Manual Nerve Mobilization Therapy May Help Resolve Ankle Pain and Instability

 manual-nerve-localization

Chronic Ankle Instability

Ankle sprains are common sports injuries that occur when the ankle rolls in a lateral motion, doing damage to muscle and connective tissue. Forty percent of patients suffering a lateral ankle sprain develop chronic ankle instability (CAI), which can impede performance, cause ongoing foot and ankle pain, and lead to more injuries down the road.

A suspected catalyst for CAI is peripheral nerve damage that occurs with a lateral ankle sprain. Inflammation and scar tissue at the injury site can reduce the space around a nerve structure, putting pressure on the nerve and interfering with optimal neural function. Remember that your nerves send and receive information to and from your brain, telling your muscles what to do, so a compressed or damaged nerve can undermine normal joint movement and cause instability.

Manual Nerve Mobilization

Manual nerve mobilization is a therapeutic technique applied to the injury site to increase space around an entrapped neural structure, relieving pressure to restore optimal function and reduce foot and ankle pain. Nervous tissue is sensitive and must be mobilized gently. When done correctly, manual nerve mobilization can enhance the outcomes of traditional therapies by helping entrapped nerves function freely.

Combining Exercise with Manual Therapy

Traditional therapy for CAI includes strengthening and balance exercises, along with proprioceptive training. A 2016 study by Plaza-Manzano et al. sought to test the efficacy of manual nerve mobilization treatment when added to conventional therapies.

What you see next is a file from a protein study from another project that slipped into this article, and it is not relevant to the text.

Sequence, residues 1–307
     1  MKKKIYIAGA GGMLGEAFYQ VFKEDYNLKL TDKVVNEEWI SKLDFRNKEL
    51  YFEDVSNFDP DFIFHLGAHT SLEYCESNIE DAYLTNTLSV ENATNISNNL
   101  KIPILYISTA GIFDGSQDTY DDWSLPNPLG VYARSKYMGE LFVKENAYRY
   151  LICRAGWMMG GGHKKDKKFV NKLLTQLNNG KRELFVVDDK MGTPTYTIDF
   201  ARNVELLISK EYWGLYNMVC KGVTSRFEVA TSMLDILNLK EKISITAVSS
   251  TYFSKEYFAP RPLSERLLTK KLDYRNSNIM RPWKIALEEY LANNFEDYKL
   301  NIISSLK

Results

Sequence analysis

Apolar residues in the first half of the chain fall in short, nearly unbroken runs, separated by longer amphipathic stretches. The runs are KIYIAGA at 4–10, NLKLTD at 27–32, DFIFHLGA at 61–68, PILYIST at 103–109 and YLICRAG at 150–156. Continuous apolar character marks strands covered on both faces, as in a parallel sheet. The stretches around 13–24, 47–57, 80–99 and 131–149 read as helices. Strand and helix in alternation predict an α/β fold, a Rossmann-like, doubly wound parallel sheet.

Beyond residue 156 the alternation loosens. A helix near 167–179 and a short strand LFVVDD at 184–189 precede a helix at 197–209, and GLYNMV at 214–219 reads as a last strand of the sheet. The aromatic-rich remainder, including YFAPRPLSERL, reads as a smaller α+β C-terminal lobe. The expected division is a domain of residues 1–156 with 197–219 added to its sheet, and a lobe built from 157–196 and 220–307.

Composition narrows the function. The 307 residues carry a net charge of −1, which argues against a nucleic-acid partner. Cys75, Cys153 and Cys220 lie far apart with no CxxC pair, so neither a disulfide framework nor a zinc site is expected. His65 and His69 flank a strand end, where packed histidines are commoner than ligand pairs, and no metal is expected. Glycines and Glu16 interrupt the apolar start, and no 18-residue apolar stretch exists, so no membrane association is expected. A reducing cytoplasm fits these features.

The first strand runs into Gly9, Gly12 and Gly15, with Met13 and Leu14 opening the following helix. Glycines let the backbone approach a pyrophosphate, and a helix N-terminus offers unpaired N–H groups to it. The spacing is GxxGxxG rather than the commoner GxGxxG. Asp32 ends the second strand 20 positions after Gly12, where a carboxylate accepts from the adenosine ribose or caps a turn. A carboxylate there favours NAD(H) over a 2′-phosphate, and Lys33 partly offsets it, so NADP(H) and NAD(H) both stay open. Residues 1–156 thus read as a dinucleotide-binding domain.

Fifty-six physically active subjects with CAI were randomly assigned to one of two groups. One group of 28 subjects received a progressive balance program and a progressive strengthening program of the ankle evertors over the course of four weeks. The second group of 28 received the same balance and strengthening programs, but also received manual therapy consisting of grade 3 joint mobilizations and peroneal nerve mobilizations.

Subjects were assessed before and at the end of the four week intervention, and again after one month of treatment. A battery of assessment instruments was used to assess pain, ankle stability, joint range of motion and strength. While both groups improved in all assessment categories, the researchers observed greater improvement in the group who received manual therapy.

The results of this study make a compelling case for the inclusion of manual peroneal nerve mobilization therapy in rehab protocols in the treatment of ankle pain caused by CAI. Combined with therapeutic strengthening and balance exercises, manual nerve mobilization can be a powerful tool to improve ankle stability and relieve foot and ankle pain.

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